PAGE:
Are you living up to your potential as a mentor?

Share this page

Written by Laura Francis on 5 November 2019

Reading time: 4 minutes

It’s clear that people want and value mentoring in the workplace, no matter their age or job title. It’s also true that mentoring can be as rewarding for mentors as it is for mentees.

If someone asked you to be their mentor today, how would you fare? Here are four ways you can live up to your potential as a mentor.

1. Embrace your role as a mentor

Mentors are as diverse as the global population. A mentor might be older than a mentee, or they could be younger. They could be from the same socioeconomic background, or from a different background completely.

They could be the same gender, race, ethnicity … or not. They could hold a similar job to the mentee, or be on a completely different career path. In short: anyone can be a mentor.

Your role as a mentor is simply to be the person in the relationship who has more experience of, and knowledge about, a certain subject that someone else wants to learn about.

Don’t be afraid to view yourself as the expert. You may not know everything about the subject area that the mentee is interested in discussing and developing, but you have insights that the mentee can use. They wouldn’t have sought you out otherwise!

You are a guide who can share examples of what worked in the past, what didn’t work (which is as equally important to discuss), why various things matter in different situations, and so on.

Be open and generous with sharing your knowledge with your mentee, and believe in yourself as a mentor.

2. Engage your mentee in conversation

Dialogue between you and your mentee forms the core of your relationship. Mentoring conversations are how information is shared, how questions are asked, and how development occurs.

Don’t get sucked into the trap of telling too much and not asking enough

As the mentor, it is imperative that you engage your mentee in conversations that dig into their issues and provide opportunities for open, honest and unbiased dialogue.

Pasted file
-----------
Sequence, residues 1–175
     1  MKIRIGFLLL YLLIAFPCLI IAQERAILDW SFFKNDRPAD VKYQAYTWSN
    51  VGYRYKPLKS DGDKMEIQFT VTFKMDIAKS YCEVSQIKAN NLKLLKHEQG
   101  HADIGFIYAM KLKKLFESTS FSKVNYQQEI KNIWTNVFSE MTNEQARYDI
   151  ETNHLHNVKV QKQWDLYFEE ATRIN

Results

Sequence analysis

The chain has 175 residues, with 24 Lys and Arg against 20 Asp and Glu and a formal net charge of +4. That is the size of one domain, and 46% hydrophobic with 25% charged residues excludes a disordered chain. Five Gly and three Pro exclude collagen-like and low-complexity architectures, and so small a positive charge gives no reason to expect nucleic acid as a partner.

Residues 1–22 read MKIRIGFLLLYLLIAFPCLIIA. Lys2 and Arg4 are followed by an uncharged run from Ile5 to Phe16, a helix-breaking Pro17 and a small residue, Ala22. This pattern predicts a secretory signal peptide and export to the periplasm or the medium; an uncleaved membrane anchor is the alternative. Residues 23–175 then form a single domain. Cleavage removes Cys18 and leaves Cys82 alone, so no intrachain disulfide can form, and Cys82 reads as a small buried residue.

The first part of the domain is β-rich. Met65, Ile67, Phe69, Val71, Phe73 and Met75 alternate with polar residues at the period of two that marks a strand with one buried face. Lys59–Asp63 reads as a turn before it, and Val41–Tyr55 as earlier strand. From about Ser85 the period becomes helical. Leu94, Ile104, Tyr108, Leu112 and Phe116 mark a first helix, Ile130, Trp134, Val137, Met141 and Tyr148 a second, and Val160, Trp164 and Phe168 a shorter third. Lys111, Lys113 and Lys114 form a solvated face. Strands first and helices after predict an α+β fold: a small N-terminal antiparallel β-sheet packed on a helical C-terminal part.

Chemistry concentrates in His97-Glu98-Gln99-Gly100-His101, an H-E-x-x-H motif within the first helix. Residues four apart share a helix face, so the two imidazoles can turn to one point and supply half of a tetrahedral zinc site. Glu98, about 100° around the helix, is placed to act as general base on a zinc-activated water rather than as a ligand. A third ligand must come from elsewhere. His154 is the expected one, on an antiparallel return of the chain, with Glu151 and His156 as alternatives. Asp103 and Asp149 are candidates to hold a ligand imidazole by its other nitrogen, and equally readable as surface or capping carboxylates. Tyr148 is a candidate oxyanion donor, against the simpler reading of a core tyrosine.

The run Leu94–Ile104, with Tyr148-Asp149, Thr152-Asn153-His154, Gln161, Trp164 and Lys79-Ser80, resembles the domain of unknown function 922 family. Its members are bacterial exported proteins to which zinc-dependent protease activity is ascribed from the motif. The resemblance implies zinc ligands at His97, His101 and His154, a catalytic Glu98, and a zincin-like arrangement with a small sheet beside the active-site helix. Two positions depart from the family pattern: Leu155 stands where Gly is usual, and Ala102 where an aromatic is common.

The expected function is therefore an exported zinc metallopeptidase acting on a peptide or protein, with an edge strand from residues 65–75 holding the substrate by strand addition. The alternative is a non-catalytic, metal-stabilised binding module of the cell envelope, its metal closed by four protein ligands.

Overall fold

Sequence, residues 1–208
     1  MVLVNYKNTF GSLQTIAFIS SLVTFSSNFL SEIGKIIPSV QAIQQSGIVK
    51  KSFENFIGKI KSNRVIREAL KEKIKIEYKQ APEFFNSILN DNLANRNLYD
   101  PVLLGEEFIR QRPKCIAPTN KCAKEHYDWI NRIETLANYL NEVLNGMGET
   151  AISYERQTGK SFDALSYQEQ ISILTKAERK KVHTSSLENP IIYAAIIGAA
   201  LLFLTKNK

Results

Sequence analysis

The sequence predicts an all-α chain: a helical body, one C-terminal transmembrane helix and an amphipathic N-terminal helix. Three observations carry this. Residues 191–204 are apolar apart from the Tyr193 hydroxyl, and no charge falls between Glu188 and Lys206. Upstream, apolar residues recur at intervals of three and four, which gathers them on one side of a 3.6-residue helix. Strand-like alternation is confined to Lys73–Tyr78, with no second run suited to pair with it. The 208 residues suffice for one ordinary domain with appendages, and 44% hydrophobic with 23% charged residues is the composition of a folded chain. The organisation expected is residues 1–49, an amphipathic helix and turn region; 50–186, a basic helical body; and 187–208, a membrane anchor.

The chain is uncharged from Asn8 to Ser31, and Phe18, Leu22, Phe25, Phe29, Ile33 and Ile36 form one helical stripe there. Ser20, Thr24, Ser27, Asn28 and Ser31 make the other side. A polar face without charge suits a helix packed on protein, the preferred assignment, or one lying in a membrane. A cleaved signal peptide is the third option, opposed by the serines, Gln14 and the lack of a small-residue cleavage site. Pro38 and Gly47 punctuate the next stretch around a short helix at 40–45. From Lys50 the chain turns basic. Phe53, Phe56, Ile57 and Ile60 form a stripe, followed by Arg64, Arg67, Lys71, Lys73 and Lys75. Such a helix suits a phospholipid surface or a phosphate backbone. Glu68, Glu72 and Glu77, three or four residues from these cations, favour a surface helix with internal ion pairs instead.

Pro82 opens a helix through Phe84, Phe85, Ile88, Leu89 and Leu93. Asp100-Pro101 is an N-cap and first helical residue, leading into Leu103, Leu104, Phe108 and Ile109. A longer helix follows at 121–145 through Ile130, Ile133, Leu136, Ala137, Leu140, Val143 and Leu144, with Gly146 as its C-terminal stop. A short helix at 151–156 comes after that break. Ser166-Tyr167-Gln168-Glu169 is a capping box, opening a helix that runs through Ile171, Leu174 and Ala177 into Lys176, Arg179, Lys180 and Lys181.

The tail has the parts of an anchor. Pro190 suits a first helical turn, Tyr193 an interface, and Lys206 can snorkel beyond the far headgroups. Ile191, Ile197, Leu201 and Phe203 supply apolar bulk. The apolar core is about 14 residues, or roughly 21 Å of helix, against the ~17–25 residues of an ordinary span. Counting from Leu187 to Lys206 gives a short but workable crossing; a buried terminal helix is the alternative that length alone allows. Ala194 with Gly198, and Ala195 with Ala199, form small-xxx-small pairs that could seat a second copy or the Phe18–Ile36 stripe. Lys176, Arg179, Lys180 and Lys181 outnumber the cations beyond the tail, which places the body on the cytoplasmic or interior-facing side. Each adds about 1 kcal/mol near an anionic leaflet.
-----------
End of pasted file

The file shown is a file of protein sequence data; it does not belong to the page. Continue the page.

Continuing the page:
Good conversations are a balancing act of asking and telling. Sharing a story or explaining a theory can be helpful, but remember that conversations should involve both of you talking and both of you listening.

Don’t get sucked into the trap of telling too much and not asking enough. Getting your mentee to talk will allow you to hear their point of view and let you hear them express their situation in their own words.

This can provide a wealth of information if you listen carefully enough. Use what the mentee tells you as a way to expose areas for growth and development.

3. Encourage your mentee

Mentors are often viewed as a sounding board for the mentee for good reason. As the mentor, you should encourage your mentee to speak honestly about their ideas, dreams, goals, difficulties, shortcomings and achievements.

Help them see the value in their triumphs and their struggles (learning from failure is a powerful way to grow).

Be there to engage your mentee in meaningful conversation that digs into the heart of the issue at hand. Be the person they can turn to when they need a quick confidence boost or a frank assessment of a situation.

A good mentor is a good cheerleader and coach. This doesn’t mean that you should give false or overly effusive praise to your mentee (unless the latter is warranted), but it means that you should support them and encourage them as they pursue their goals.

Real and honest feedback can be one of the best ways to encourage your mentee – even if the feedback might be hard for the mentee to hear.

Give them a sense of where they might be falling short in achieving their goals, but be sure to couple that with conversations and ideas on how they can address these shortcomings.

4. Evolve and grow

This last tip is as much for mentors as it is for mentees. We should all strive to evolve and grow as individuals, mentoring partners, coworkers and so on.

Mentors can encourage their mentees to evolve and grow by using effective dialogue methods and pushing them to look deeper into their actions and motivations.

Use probing questions to dig into what the mentee is telling you, and then use this information to help guide the mentee on a path of self-discovery.



When you focus on the growth and development of your mentee, you give yourself opportunities to grow and evolve as a mentor as well. Your dialogue style, listening skills, creativity, empathy, and much more can be impacted.

Mentors often say they get as much from the mentoring relationship as their mentee does, and this is a big reason why.

We never stop learning. Be cognisant of how you are performing as a mentor and make a conscious decision to improve in areas that need attention.

If you are so inclined, you could even search for a mentor to help you on these areas—and let the cycle of learning continue.


About the author

Laura Francis is chief knowledge officer at River

Related Articles

27 January 2023

Many managers lack the competence to function effectively, Amrit Sandhar shows how to identify and support those struggling

24 January 2023

In another article on supporting wellbeing at work Cass Coulston and Ricardo Twumasi examine neurodiversity

16 January 2023

As lack of motivation and engagement grips organisations, Giora Morein suggests that agile methodology could be the way to re-energise flagging employees